"Wheelbarrow Kings" features two druggies who pick up a TV from a dealer who wants to get rid of it. They steal a wheelbarrow and push it, with the TV riding precariously, six blocks to the pawn shop. The owner tells them that they are "like five years late."
Depressing? Not in Walter's hands. He can mine the least scintilla of humor and wit from his characters' broken lives--people whose dreams will surely not come true but who somehow keep trying. --Valerie Ryan, Cannon Beach Book Company, Ore.
Discover: Thirteen stories filled with pathos, humor, despair, dead ends and hope from National Book Award nominee Jess Walter.
by Jim Crace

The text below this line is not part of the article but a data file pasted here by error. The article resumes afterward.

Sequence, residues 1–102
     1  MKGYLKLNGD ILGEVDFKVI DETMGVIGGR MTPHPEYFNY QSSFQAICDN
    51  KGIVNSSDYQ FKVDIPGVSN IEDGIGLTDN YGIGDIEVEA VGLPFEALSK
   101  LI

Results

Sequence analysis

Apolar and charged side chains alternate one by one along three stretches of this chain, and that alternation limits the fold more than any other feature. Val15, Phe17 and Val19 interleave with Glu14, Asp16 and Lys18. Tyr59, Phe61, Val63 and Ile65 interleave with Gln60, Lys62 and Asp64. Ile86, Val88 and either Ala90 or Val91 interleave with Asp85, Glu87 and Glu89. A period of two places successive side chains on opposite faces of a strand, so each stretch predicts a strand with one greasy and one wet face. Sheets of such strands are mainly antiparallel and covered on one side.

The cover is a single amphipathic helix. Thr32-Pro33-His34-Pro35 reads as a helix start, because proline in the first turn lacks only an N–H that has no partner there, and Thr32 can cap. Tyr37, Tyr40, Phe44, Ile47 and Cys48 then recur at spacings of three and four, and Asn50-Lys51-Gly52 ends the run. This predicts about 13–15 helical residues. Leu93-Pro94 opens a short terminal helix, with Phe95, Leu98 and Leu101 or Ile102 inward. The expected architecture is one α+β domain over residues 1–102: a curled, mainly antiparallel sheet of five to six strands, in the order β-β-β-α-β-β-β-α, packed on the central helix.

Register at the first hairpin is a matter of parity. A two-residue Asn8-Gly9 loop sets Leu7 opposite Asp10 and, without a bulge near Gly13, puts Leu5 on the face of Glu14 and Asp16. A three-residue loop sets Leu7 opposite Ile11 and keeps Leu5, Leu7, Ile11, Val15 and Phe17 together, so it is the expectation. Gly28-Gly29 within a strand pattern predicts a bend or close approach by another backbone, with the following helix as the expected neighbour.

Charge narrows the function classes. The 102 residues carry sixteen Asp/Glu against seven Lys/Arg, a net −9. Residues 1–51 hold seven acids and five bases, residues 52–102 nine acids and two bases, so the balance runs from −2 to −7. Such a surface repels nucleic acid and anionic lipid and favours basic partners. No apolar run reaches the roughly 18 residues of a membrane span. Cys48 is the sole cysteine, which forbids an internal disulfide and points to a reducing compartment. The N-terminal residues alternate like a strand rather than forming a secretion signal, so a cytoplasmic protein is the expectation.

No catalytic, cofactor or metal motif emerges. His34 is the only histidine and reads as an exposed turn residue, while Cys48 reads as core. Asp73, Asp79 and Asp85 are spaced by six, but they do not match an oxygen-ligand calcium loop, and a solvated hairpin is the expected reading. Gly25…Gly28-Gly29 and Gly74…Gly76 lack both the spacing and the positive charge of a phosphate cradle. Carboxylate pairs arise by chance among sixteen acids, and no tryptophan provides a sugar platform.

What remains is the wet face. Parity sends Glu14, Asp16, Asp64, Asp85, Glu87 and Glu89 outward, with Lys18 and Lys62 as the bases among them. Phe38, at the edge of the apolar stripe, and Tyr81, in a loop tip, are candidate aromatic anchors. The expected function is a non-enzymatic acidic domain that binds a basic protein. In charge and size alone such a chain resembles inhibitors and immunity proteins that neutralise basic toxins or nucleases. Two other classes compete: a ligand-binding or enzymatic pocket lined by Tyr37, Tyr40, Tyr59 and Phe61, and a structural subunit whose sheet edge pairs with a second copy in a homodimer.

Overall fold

Jim Crace has written a dozen diverse novels infused with rich language and character particular to whatever story he is telling, whether it takes place in a Bronze Age village or on an imaginary continent. In Harvest, Crace is working at the top of his craft as he shows us the unraveling of a traditional English tenant farm.
Harvest is narrated by Walter Thirsk, a city man who came to the remote village 12 years before as a servant to Master Kent, but chose to join the villagers in the barley fields. Kent is a widower, so, under English law, the rights to the estate will now pass to his wife's brother from the city. Thirsk is a thoughtful, observant narrator who is both a part of the village yet also, always, an outsider. He struggles with the loss of his wife and the impending loss of the farm's paternalistic master.